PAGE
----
Celebrating 110 years of Student Journalism


PATRICK MCAULEY ‘20 | STAFF WRITER • This past weekend, the Wabash swimming and diving team competed against Albion College in their season opener. After finishing 13th in the region last year, Albion came in firing on all cylinders. However, the Little Giants prevailed with strong finishes in a variety of events.

Performance relies on preparation.

During the past four weeks, the Wabash squad has been training with the end in sight. The team’s eventual goal is to claim top marks in their November and February meets. Right now, however, their short-term goal includes practicing with a certain type of mindset. “From an attitude standpoint, the message was not to think so
much about what we’re doing in practice,” Head Coach Brent Noble said. “This was just forget it all and get up to compete against the guy
next you.” When it comes to early season competition, a relaxed mindset is necessary for any athlete trying to regain their strengths. Noble understands the guys have a lot of training ahead, which will eventually lead to improvement. For now, healthy competition is keeping their head in the water, and last weekend’s results ring true of that.

The guys are stepping it up early
on. After a tough finish in this same meet last year, the team has been hungry for their revenge. The 400-yard medley relay quad consisting of Ben Klimczak ’21, Hunter Jones ’20, Jan Dziadek ’21, and Wesley Slaugther

Swimming (JONES) - C&M

Hunter Jones ’20 races this past weekend vs Albion College (Photo Courtesy of Communication and Marketing)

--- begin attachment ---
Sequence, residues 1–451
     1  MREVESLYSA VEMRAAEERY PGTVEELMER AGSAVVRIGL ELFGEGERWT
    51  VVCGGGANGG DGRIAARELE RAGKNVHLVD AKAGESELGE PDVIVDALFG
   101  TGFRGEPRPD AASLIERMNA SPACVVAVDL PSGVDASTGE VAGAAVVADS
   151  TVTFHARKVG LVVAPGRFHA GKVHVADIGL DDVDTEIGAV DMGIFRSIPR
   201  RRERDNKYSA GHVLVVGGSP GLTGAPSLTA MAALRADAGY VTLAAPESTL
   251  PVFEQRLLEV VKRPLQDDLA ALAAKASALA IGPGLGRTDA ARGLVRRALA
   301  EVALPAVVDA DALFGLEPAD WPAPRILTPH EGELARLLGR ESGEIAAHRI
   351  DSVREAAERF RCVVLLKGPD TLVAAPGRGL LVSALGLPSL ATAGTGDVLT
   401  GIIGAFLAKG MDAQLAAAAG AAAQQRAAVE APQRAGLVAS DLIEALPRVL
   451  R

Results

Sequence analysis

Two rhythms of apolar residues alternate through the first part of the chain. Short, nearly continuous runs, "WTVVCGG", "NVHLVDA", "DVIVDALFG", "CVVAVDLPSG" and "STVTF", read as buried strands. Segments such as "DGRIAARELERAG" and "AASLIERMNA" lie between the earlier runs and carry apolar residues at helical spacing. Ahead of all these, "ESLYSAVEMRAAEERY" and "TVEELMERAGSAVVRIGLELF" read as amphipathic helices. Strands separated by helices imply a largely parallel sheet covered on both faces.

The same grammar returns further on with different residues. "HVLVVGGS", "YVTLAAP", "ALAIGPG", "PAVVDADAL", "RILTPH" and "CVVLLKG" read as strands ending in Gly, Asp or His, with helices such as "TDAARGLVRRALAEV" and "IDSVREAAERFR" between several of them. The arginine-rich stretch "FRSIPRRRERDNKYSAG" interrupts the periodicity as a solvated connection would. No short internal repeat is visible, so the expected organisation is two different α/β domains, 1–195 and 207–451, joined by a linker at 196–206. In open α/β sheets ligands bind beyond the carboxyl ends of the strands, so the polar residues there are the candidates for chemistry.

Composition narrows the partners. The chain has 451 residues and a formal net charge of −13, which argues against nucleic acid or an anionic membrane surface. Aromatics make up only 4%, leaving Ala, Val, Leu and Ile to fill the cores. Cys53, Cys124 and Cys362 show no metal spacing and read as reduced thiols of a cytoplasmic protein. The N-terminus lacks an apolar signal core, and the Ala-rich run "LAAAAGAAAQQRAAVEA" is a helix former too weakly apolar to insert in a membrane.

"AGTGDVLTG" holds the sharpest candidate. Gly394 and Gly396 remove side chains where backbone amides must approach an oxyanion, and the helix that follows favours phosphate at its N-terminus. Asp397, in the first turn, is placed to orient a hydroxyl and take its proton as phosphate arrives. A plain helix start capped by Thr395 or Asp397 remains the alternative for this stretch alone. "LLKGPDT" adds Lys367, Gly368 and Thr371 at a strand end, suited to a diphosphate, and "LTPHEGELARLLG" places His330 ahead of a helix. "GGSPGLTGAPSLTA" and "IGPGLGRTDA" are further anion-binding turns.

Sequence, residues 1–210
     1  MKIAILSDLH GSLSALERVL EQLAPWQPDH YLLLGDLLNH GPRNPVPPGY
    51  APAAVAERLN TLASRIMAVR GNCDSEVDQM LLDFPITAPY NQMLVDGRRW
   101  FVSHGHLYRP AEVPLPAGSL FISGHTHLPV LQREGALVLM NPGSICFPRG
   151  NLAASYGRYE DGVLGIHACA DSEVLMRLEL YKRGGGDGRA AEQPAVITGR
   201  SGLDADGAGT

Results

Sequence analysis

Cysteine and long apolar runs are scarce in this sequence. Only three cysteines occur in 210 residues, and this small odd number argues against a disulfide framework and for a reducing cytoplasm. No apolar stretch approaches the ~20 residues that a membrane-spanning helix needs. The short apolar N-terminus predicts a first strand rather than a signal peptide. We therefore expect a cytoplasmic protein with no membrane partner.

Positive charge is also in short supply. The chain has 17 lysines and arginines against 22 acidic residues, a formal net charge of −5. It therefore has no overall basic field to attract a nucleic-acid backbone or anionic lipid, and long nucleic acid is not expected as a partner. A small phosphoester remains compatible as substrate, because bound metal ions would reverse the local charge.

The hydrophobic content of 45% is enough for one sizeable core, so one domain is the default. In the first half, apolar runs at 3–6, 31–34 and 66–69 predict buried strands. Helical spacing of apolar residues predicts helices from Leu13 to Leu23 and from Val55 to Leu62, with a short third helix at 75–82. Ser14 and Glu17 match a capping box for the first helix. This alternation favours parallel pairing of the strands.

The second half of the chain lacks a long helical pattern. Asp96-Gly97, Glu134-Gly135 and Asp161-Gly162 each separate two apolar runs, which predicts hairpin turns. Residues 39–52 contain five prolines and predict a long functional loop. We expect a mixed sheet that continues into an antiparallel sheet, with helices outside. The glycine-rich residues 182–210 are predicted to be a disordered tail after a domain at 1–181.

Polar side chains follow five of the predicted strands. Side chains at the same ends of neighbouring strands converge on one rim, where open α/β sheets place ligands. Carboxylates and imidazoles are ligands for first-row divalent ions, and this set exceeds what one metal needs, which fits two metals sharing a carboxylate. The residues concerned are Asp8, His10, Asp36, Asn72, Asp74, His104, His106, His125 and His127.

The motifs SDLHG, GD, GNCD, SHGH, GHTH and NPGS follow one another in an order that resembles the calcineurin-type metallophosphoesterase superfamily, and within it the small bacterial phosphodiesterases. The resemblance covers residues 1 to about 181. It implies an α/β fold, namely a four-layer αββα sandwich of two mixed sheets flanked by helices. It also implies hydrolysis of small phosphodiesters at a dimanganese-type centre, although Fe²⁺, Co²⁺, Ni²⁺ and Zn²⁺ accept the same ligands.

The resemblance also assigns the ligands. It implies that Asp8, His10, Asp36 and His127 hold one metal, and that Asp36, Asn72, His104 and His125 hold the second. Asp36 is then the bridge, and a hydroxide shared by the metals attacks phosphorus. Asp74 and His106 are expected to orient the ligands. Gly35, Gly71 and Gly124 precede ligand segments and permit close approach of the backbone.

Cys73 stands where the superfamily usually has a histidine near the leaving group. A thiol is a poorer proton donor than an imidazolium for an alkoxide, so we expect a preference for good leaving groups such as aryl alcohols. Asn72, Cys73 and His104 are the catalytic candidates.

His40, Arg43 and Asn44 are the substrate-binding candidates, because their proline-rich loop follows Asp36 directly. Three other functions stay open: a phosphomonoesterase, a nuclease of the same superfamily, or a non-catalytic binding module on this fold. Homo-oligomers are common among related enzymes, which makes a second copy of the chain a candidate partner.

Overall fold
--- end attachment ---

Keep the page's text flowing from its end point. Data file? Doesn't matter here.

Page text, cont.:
’21 caught first place with a finishing time of 3:33.39. Chris Dabrowski ’19 finished in the number one spot for the 1,000-yard free with a time of 10:20.89. Joey Karcxewski ’20 doubled up with two wins in the 50- and 100- yard freestyle. Also, sophomore Zach Kintz ’20, a new member of the diving team, successfully completed his first two dive attempts: a reverse and a forward somersault with a half twist.

Noble tips his hat to the impenetrable leadership qualities amongst the upper classmen. “We continue to develop leaders,” Noble said. “Our junior class has been a
good class for us. They are doing a lot more for us now in terms of setting
the tone.” For a team to develop
ethics, upperclassmen need to foster a competitive environment. Swimming is both mentally and physically stressing, but the upperclassmen know what it takes. They fight the good fights and will continue to shine the light for the young athletes on the team.

Moving forward, the squad looks
at the next three essential weeks in their fall training. Most practices in
the upcoming weeks will be highly intense, and further develop the team’s ability to cope with high physical and mental pressure. In combination with this, the team will focus on racing. The two practice techniques are set to give strength and confidence as the team goes into their big meets next month, including the Indiana Intercollegiates.